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Sunday Service: Do You Believe in Magic?
July 23 @ 11:00 am - 12:00 pm
The Lovin’ Spoonful call us to, “believe in the magic that can set you free”, in this service we will explore how everyday magic can support us to create a world where we are all free.
Arran Morton currently lives in Victoria, BC – though he is from Scotland and came to Victoria the ‘scenic route’. He loves to be near the ocean, the trees, and (Vancouver) island life generally. His work has focused on building community as well as training and facilitation on issues related to healthy relationships, sexuality, conflict resolution and restorative justice/practices. Arran was the Director of Spiritual Exploration at First Unitarian Church of Victoria until he adopted his daughter in 2021. He is currently the Minister at Comox Valley Unitarian Fellowship.
Join us in person in our Sanctuary or live online at https://ucv.im/live for our weekly Sunday Service, beginning each week at 11am
This week’s land acknowledgment
Very often when we listen to land acknowledgements in Vancouver, we will hear words like “the Musqueam, Squamish and Tsleil Waututh are the stewards of the land since time immemorial”. And it true, but it kind of suggests that land stewardship is something in the past.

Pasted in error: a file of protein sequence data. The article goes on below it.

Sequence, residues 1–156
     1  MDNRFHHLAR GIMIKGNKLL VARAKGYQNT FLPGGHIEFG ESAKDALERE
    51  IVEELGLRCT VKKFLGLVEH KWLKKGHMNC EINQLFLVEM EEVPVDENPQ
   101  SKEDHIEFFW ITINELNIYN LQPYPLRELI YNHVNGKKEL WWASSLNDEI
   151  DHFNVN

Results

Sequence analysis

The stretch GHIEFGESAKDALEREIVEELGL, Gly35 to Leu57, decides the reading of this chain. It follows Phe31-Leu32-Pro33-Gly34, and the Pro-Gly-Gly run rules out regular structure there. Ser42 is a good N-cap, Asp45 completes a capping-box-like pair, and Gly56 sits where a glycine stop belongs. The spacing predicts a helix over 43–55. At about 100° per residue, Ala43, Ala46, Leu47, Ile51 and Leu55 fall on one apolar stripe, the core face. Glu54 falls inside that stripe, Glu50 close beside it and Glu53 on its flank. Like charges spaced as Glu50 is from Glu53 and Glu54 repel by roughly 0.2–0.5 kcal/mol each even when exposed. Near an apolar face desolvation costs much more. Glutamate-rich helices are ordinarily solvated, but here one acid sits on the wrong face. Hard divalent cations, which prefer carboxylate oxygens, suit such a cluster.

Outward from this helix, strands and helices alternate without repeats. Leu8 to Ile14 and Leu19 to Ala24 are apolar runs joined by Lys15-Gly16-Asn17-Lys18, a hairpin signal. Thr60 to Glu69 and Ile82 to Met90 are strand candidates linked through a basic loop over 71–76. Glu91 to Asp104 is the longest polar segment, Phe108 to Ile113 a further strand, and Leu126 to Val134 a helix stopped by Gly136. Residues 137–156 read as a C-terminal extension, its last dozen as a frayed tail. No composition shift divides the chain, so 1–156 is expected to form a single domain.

But its not. I wanted to share one contemporary example: the tidal marsh restoration project at New Brighton Park, at the northeast corner of the city known now as Vancouver. A collaboration between the Musqueam, Squamish, Tsleil Waututh, city of Vancouver and Port of Vancouver, this project created 450m of shoreline and replanted a host of tidal plants to restore a small portion of the marshes lost during the colonization of Vancouver. Finished in 2017, young salmon have been spotted on their migration to the ocean.
Land stewardship is intimately connected with stewarding culture. The signs in New Brighton park provide us settlers with some insight on the relationship between land and culture. I want to read from one of the signs entitled “Interconnectedness”
Knowledge and Territory: for our people, plants and animals are much more than just resources.
Each has its own constellation of knowledge, including social cohesion, land, language, technology, and health. Each is connected – to harvest deer, you need to make a bow, which requires yew and materials to make carving tools. This stewardship is at its heart, the stewardship of language, knowledge, and identity.
As we go forward into the next week, perhaps see if you can find other examples of land and cultural stewardship near where you live and read what your host first nation says about it.